Jython and super_reload?

Ype Kingma ykingma at accessforall.nl
Sat Aug 21 19:37:12 CEST 2004


Dave Benjamin wrote:

> In article <412458a6$0$45379$e4fe514c at dreader19.news.xs4all.nl>, Ype
Kingma wrote:
>> 
>> This works for classes: 
>> 
>> http://www.jython.org/docs/jreload.html
>> 
>> You can unload a module in Jython by removing it from sys.modules,
>> and (off course) by removing all other references to it.
>> 
>> To be sure about what happens you can tell the JVM to be verbose
>> about garbage collection of Java classes, and explicitly call
>> java.lang.System.gc() in some test scripts.
> 
> Thanks for the link and the comments, but I don't think this is quite what
> I'm trying to do here. I'm not trying to reload Java classes, I'm trying
to
> reload Python modules such that any instances of the old version of that
> module's classes get updated to use the new methods. For instance:
> 
> mymod.py
> --------
> class A:
>     def test(self):
>         print 'hello'
> 
> app
> ---
> import mymod
> a = A()
> a.test()
> (output: 'hello')
> 
> mymod.py
> --------
> class A:
>     def test(self):
>         print 'goodbye'
> 
> app
> ---
> reload(mymod)
> a.test()
> (output: still 'hello')
> 
> # This is what I've been unable to accomplish:
> from magic import super_reload
> super_reload(mymod)
> a.test()
> (output: 'goodbye')
> 
> Does that make sense? The end result is that I want to be able to modify
> classes in a running application and have this affect all existing class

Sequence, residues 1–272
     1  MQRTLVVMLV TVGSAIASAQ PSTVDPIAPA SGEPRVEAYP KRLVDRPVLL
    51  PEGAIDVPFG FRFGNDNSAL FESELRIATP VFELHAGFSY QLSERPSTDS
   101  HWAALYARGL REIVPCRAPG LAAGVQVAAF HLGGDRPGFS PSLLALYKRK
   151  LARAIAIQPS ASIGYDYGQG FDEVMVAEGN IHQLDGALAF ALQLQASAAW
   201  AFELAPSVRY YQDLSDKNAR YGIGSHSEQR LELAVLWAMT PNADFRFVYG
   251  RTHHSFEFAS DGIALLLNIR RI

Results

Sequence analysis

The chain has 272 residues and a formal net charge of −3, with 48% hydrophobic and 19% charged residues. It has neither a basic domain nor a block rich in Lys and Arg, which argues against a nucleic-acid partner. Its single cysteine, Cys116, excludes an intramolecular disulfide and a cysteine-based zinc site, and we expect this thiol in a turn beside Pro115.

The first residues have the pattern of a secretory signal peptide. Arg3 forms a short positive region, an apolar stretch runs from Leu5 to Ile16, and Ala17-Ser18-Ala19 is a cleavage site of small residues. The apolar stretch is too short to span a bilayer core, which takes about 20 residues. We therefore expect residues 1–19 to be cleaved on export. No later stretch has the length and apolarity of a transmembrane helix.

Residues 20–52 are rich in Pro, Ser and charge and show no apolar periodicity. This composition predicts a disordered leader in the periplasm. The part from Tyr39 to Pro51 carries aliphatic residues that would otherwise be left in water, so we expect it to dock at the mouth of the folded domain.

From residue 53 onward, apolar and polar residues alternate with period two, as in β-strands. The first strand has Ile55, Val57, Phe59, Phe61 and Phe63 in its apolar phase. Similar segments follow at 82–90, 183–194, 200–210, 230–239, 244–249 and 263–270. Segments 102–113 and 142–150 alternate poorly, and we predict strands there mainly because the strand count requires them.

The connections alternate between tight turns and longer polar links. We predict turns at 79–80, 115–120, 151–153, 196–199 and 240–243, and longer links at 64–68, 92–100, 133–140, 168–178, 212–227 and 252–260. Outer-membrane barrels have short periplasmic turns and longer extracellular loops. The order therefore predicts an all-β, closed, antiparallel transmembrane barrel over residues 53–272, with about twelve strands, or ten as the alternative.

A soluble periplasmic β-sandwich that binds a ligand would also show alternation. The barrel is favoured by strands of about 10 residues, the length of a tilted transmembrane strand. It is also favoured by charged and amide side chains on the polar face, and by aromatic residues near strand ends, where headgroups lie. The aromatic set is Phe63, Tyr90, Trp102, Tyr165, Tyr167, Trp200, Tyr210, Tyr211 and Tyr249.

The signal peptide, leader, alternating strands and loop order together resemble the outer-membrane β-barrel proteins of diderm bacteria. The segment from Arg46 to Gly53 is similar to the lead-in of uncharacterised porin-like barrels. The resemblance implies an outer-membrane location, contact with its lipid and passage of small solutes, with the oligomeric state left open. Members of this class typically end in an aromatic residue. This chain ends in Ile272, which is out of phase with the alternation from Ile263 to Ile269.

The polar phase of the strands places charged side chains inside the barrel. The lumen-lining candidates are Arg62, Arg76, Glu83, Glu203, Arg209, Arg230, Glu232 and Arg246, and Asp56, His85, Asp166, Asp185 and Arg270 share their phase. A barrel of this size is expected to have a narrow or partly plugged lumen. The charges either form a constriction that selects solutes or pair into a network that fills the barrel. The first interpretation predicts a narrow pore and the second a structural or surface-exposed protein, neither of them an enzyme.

> instances. This is important because I am working in an application server

I don't think the Python language supports it.
One could replace the module in sys.modules, but that does not remove the
reference to the old module and its contents in existing instances.

> environment where restarts are costly and time-consuming, and instances
are
> often kept in user sessions. Currently, any changes to a class require
that
> the session be reinitialized (ie. you have to log out and log back in),
> which makes incremental testing and development awkward. 

You might solve the problem by convincing the users to reinstantiate their
classes after replacing the module in sys.modules.

Replacing the Python class of a Python instance is tricky (to say the least)
because of Python's dynamic nature. And even without Python dynamics one
can get into strange situations.

When you convince the users to reinstantiate their classes,
my guess is that sooner rather than later some of your users will manage
to bring their sessions into an irreproducable (error) state because they
forgot to replace some instances.

In a Java JVM one can have multiple fully independent Jython
system states by using different Java class loaders. This is safe, but it
costs some memory. This has been done by others, please check the
jython-user and jython-dev archives.

Good luck,
Ype




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